Review of Since we Fell by Dennis Lehane

Lehane usually gets it right. From the days of Mystic River, when I pick up a Lehane novel, I’m already convinced, this is going to be a great read. 

Since We Fell feels like two books in one. The heroine, Rachel, is raised by a single-mother, a self-help, marriage expert who keeps a secret from her daughter: the identity of Rachel’s father. The last time Rachel saw her father, he was walking out the door, to her mother’s threat that, “I will expunge you.” Rachel’s only memories of the man are that he smells like corduroy and coffee. 

When Rachel is in college, her mother suddenly dies without revealing to Rachel the identity of her father. So, Rachel undertakes her own search, which offers up a foreshadowing of her ultimate fate.

Rachel’s search for her father, it turns out, is only her backstory. The rest of the novel portrays Rachel’s life as an adult, starting with her rise through the ranks at a top Boston newspaper, then jumping to TV news. She marries a big shot producer—a match more of matrimonial convenience than true love. When a catastrophic hurricane hits the island of Haiti, Rachel is given what could be her big break and her step to a top news anchor post. Unfortunately, when Rachel gets to Haiti, the death and destruction overcome her, and she suffers an on-air nervous break-down, which costs her both her job and her marriage.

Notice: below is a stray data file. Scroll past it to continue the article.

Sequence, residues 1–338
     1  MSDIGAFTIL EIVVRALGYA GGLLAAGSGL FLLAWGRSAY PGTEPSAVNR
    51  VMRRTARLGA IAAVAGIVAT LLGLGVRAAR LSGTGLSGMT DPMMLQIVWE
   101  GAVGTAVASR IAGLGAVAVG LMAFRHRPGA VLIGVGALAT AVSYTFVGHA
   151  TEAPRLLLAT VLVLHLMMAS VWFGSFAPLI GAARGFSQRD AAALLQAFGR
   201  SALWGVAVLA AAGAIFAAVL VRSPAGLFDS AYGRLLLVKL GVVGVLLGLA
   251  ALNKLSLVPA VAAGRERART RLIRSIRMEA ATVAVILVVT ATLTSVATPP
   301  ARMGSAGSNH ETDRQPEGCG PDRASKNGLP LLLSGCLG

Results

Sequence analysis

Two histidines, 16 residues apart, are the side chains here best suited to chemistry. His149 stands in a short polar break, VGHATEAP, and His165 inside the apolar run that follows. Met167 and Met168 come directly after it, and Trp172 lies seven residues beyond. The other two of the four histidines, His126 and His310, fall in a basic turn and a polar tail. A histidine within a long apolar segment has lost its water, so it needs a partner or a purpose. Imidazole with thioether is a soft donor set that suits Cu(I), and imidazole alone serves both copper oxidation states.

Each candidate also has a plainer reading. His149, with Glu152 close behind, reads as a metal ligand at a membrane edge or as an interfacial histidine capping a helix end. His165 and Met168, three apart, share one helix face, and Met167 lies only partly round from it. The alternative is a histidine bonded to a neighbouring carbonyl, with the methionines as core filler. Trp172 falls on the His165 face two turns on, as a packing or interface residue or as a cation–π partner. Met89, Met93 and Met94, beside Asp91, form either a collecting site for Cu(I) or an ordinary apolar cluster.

Rachel becomes a recluse, until she meets a mysterious man from her past—someone she met while searching for her father. Brian, a likable guy, helps Rachel overcome her agoraphobia, and seems truly to love her. 

But, of course, there’s more to it. Brian has another side—another life—that breaks through the barrier separating the two worlds, and places him and Rachel in mortal danger. Brian goes from hero to anti-hero, but Lehane’s magic is such that I kept right on rooting for him, hoping that he and Rachel would walk, or run, together into the sunset together.